The kittens were very tiny and he said he thought they were only a few weeks old. Their mother was a yellow tiger stripe and there were four kittens, one yellow, one gray and two orange. He told me that I was welcome to pick one out and he’d keep it for me, but that I couldn’t take it home yet as it was still, “sucking on its mama’s tits”. I assured him I did not want the kitten until it was able to eat kitten food and that he should call me when it was time to bring it home. I looked at all of the kittens. They had fleas. They had kitten poop stuck in their fur. Frankly, I wasn’t even sure they would live long enough to be weaned.
After selecting a little orange female, he asked me if I’d consider taking two kittens. I told him no, that I only needed one. He told me how he was over-run with cats and pointing to the black momma cat lounging on the porch he said, “That one there’s pregnant again. Those other black ones running around here are hers, she just had them four months ago.”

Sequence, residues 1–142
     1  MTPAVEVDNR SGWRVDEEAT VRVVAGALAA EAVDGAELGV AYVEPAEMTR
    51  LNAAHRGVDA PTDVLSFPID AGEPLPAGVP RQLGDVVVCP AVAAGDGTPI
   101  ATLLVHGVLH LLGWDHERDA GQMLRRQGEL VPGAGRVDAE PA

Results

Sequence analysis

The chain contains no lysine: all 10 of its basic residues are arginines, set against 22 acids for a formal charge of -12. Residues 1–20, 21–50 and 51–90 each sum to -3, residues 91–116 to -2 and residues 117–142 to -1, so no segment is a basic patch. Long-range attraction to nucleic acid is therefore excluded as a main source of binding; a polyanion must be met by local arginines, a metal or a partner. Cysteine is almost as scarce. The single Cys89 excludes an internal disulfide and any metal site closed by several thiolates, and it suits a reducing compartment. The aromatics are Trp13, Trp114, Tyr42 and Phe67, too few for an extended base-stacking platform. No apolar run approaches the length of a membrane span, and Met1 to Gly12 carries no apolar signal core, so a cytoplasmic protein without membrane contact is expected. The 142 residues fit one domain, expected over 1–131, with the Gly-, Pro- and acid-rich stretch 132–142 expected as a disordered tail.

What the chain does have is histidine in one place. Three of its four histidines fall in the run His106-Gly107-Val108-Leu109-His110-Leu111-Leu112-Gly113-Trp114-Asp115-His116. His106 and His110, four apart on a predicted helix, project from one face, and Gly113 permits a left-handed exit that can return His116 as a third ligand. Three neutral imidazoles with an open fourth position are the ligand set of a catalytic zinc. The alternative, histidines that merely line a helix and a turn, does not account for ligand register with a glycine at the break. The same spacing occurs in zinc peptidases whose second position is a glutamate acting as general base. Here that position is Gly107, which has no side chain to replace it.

After talking to him for a bit it became clear that he was in over his heard. He couldn’t afford to feed all of the cats on his property, let alone pay to have them spayed or neutered. I told him about a nearby cat clinic that performs low-cost spaying and he said he was aware of it but that he couldn’t even afford their low cost of twenty-five dollars per spay or neuter. I truly felt bad for him. Before I left, he asked me again if I would consider taking two of the kittens and again I told him no.